Even now I don’t consider myself somebody who likes to eat fish.
Growing up I rarely ate fish, and when I did, it was undoubtedly “fishy.” Although I’ve caught, killed, prepared, and eaten my fair share of delicious fish– bluegills, trout, and most recently sucker– I still don’t think of myself as a fish lover. I still have a knee-jerk aversion to anything but deep fried fish, but it’s all in my head; When I cook fresh fish it’s usually delicious!
I’m not sure how this all can exist in my mind at the same time, especially considering how much I enjoy eating the fish I catch and keep.
Two things I never thought I’d cook are fish balls and fish chowder– and yet I made both in the past seven days. The fish balls were delicious and the smoked sucker chowder was even better.
The large sucker I caught last week became a ziplock-bag-full of smoked fish and I’ve been trying to find good uses for it. After all, what better way to show the animal respect than make it as delicious as possible?
A few years ago I finally learned how to make a roux– a thickener made with fat and flour, used in everything from gumbo to gravy to stew to chowder. I used to be intimidated by it, but in reality making a roux very simple:
- Heat up some fat (lard, oil, butter, chicken fat, etc) over medium heat
- Toss in some flour
- It will sizzle a lot! Stir a lot to prevent burning and sticking
- Cook the flour until it smells like a freshly baked pie. The more you cook, the darker the color. The darker the color, the more flavor and less thickening power: It’s a tradeoff.
- Add liquid. This liquid can be stock, broth, or in the case of chowder, milk.
- Stir stir stir, and watch the magnificent thickening power of the roux
- Keep adding liquid until you have the thickness you need
This is the traditional way to make gravy: once you’ve cooked your meat, put the meat somewhere to rest, then add flour to the hot fat and make a roux. Add stock/broth, and there you go: homemade gravy from scratch.
It’s not hard. Like most things, it just takes some practice and confidence.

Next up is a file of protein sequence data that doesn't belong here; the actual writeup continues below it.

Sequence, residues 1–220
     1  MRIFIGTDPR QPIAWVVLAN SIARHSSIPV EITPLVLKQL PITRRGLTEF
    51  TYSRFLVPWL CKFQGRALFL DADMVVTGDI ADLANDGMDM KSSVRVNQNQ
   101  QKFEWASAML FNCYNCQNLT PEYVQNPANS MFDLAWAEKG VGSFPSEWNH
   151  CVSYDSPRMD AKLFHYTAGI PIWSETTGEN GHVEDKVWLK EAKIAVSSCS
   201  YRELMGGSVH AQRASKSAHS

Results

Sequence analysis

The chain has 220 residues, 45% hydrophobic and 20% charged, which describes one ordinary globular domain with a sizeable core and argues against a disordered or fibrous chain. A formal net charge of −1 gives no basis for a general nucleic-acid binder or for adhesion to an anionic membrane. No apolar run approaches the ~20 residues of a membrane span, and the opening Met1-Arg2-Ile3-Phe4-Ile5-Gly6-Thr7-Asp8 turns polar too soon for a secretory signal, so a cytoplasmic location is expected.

I made a roux with olive oil, half a stick of butter, and a cup of flour. I added diced onions, then cold milk. To the milk I added some cute little red potatoes and seasonings, and let everything cook over very low heat. Later I added celery and more seasonings. At the last second the sucker went in.
Although it’s a very simple recipe, the smoked sucker adds a tremendous burst of flavor. Lots of chowders use bacon (creamy potatoes and smoked things? Yes please) and here the sucker serves that purpose. You could certainly make this recipe with other fish, but it would probably be bland unless the fish were smoked. The blast of smoky flavor is key– it really brings everything together.
An extremely easy and satisfying dish, especially on a blustery spring day like yesterday. Also a good dish to use bits and pieces of fish that didn’t make it into the deep fryer.
If you catch a lot of fish, you owe it to yourself to learn how to make chowder.
Smoked Sucker Chowder
- Some smoked sucker
- Seasoning (salt, pepper, thyme, etc)
- Olive oil
- Make a roux
- Add onions, cook for a while
- Add seasoning and potatoes, cook that for a while too
- While the potatoes are getting tender, grab your smoked sucker and try to remove all those little pesky bones. It’s much easier to do with cooked sucker. Try not to eat all the smoked fish before it goes in the pot. You’ve been warned: Smoked sucker is tasty
- Add some diced celery to the pot. I like my celery to have some crunch.
- When the chowder smells good, looks good, and tastes good, add the smoked sucker and turn off the heat. The fish is already cooked: You just want to reheat it
- Serve immediately in a big bowl with crusty bread. Still-warm freshly-baked bread suggested (also very easy to make)